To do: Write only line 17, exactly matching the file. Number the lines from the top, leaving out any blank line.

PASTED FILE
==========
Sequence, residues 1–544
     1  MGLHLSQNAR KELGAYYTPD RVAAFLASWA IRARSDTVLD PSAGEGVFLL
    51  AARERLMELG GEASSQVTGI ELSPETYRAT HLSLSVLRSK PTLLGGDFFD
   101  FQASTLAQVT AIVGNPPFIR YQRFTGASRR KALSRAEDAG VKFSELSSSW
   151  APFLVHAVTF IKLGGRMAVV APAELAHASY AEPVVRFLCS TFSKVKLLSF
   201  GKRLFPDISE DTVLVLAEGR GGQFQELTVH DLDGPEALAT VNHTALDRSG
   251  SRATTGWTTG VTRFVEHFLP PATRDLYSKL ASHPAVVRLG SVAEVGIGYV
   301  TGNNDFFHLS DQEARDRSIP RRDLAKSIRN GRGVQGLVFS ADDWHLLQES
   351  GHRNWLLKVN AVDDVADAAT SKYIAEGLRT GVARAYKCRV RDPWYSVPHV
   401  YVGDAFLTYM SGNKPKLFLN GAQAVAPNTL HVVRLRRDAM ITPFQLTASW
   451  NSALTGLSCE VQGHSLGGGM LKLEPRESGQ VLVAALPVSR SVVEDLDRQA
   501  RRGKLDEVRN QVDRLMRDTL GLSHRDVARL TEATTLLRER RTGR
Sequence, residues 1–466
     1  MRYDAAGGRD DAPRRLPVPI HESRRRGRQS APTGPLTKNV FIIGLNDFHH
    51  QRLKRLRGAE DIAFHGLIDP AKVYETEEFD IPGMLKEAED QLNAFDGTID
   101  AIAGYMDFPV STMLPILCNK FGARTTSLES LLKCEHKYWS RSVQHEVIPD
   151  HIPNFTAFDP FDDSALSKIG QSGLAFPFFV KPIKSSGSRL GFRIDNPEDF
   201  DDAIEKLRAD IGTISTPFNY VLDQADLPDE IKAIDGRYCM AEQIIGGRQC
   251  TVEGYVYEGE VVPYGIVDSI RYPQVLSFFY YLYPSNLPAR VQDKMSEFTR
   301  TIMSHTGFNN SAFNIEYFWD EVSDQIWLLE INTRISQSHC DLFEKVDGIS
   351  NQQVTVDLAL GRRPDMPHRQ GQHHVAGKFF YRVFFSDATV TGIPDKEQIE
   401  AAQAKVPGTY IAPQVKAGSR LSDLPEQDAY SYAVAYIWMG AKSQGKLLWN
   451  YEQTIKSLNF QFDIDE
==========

   151  HIPNFTAFDP FDDSALSKIG QSGLAFPFFV KPIKSSGSRL GFRIDNPEDF